Graphics devices for BMP, JPEG, PNG and TIFF format bitmap files.
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bmp(filename = "Rplot%03d.bmp", width = 480, height = 480, units = "px", pointsize = 12, bg = "white", res = NA, ..., type = c("cairo", "Xlib", "quartz"), antialias) jpeg(filename = "Rplot%03d.jpeg", width = 480, height = 480, units = "px", pointsize = 12, quality = 75, bg = "white", res = NA, ..., type = c("cairo", "Xlib", "quartz"), antialias) png(filename = "Rplot%03d.png", width = 480, height = 480, units = "px", pointsize = 12, bg = "white", res = NA, ..., type = c("cairo", "cairo-png", "Xlib", "quartz"), antialias) tiff(filename = "Rplot%03d.tiff", width = 480, height = 480, units = "px", pointsize = 12, compression = c("none", "rle", "lzw", "jpeg", "zip", "lzw+p", "zip+p"), bg = "white", res = NA, ..., type = c("cairo", "Xlib", "quartz"), antialias)
the name of the output file.
The page number is substituted if a C integer format is included in
the character string, as in the default. (The result must be less
the width of the device.
the height of the device.
The units in which
the default pointsize of plotted text, interpreted as
big points (1/72 inch) at
the initial background colour: can be overridden by setting par("bg").
the ‘quality’ of the JPEG image, as a percentage. Smaller values will give more compression but also more degradation of the image.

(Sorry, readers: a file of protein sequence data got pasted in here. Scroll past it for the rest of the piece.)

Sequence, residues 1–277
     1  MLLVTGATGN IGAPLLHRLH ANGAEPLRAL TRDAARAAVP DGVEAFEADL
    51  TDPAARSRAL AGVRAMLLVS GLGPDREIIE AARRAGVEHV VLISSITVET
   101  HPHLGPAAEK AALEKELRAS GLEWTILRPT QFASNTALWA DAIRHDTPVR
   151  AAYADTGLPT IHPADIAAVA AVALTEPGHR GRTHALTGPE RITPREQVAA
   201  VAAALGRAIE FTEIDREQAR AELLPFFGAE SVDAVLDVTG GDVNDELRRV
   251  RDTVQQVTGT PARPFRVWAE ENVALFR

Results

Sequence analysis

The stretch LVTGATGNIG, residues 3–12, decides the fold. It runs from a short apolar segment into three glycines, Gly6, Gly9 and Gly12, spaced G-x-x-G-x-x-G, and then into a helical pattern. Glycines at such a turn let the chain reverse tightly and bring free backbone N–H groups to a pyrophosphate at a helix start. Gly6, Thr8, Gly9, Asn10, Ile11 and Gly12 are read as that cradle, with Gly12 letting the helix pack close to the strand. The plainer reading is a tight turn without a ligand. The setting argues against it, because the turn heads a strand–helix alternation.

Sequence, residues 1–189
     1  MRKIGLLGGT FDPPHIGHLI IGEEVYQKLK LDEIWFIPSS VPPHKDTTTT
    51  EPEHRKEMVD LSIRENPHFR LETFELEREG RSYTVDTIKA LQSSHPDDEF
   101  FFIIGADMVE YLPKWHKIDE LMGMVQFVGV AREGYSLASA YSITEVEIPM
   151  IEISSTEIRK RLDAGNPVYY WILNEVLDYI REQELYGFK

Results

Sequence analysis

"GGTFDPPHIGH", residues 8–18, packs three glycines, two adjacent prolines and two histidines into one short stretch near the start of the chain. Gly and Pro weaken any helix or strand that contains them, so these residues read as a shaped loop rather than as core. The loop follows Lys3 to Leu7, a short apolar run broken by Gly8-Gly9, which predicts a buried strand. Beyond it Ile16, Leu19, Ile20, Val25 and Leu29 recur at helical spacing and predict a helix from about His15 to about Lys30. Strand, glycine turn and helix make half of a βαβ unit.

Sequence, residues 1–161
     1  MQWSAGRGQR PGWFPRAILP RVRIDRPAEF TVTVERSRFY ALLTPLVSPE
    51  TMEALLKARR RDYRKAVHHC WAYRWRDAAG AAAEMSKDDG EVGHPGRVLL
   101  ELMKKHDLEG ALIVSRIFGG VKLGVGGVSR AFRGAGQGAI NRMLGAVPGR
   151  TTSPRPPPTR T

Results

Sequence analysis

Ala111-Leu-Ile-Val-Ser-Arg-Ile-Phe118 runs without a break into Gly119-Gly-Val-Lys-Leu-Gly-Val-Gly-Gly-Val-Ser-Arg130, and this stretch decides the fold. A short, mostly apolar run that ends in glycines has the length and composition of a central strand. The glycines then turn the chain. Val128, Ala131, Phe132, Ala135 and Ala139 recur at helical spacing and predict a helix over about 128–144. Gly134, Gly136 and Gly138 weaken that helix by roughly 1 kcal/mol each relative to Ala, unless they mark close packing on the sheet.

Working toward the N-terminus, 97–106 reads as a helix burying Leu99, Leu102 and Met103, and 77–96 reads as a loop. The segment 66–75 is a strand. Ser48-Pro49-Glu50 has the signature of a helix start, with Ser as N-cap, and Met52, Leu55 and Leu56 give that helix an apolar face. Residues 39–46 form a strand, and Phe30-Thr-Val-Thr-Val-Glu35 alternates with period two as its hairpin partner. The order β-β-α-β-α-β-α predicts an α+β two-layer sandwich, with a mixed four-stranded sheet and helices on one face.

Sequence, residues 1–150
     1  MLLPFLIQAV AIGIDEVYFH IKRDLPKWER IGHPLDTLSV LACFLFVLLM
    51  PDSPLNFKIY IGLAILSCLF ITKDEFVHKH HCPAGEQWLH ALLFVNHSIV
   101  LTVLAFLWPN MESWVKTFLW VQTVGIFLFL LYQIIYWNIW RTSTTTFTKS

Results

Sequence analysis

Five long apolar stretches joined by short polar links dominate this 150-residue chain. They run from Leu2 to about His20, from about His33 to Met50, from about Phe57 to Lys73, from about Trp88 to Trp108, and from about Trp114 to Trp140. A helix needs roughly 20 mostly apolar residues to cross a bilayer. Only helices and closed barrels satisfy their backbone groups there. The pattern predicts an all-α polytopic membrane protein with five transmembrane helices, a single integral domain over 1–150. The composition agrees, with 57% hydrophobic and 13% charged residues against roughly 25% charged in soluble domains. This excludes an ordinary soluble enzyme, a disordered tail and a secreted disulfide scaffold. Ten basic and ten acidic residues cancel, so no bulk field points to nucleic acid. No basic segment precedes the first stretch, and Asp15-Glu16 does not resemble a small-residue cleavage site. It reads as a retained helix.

the type of compression to be used. Ignored for
The nominal resolution in ppi which will be recorded in the
bitmap file, if a positive integer. Also used for
character string, one of
Plots in PNG and JPEG format can easily be converted to many other
bitmap formats, and both can be displayed in modern web
browsers. The PNG format is lossless and is best for line
diagrams and blocks of colour. The JPEG format is lossy,
but may be useful for image plots, for example. BMP is a standard
format on Windows. TIFF is a meta-format: the default format written
tiff is lossless and stores RGB (and alpha where
appropriate) values uncompressed—such files are widely accepted,
which is their main virtue over PNG.
png supports transparent backgrounds: use
"transparent". (Not all PNG viewers render files with transparency
correctly.) When transparency is in use in the
type = "Xlib"
variant a very light grey is used as the background and so appears as
transparent if used in the plot. This allows opaque white to be used,
as in the example. The
type = "cairo",
type = "quartz" variants allow
semi-transparent colours, including on a transparent or
tiff with types
semi-transparent colours, including on a transparent or
semi-transparent background. Compression type
‘deflate (Adobe-style)’. Compression types
"zip+p" use horizontal differencing (‘differencing
predictor’, section 14 of the TIFF specification) in combination with
the compression method, which is effective for continuous-tone images,
especially colour ones.
R can be compiled without support for some or all of the types for
each of these devices: this will be reported if you attempt to use
them on a system where they are not supported. For
"Xlib" they may not be usable unless the X11 display is available to
the owner of the R process.
type = "cairo" requires cairo 1.2
type = "quartz" uses the
and so is only available where that is (on some macOS builds: see
By default no resolution is recorded in the file, except for BMP. Viewers will often assume a nominal resolution of 72 ppi when none is recorded. As resolutions in PNG files are recorded in pixels/metre, the reported ppi value will be changed slightly.
For graphics parameters that make use of dimensions in inches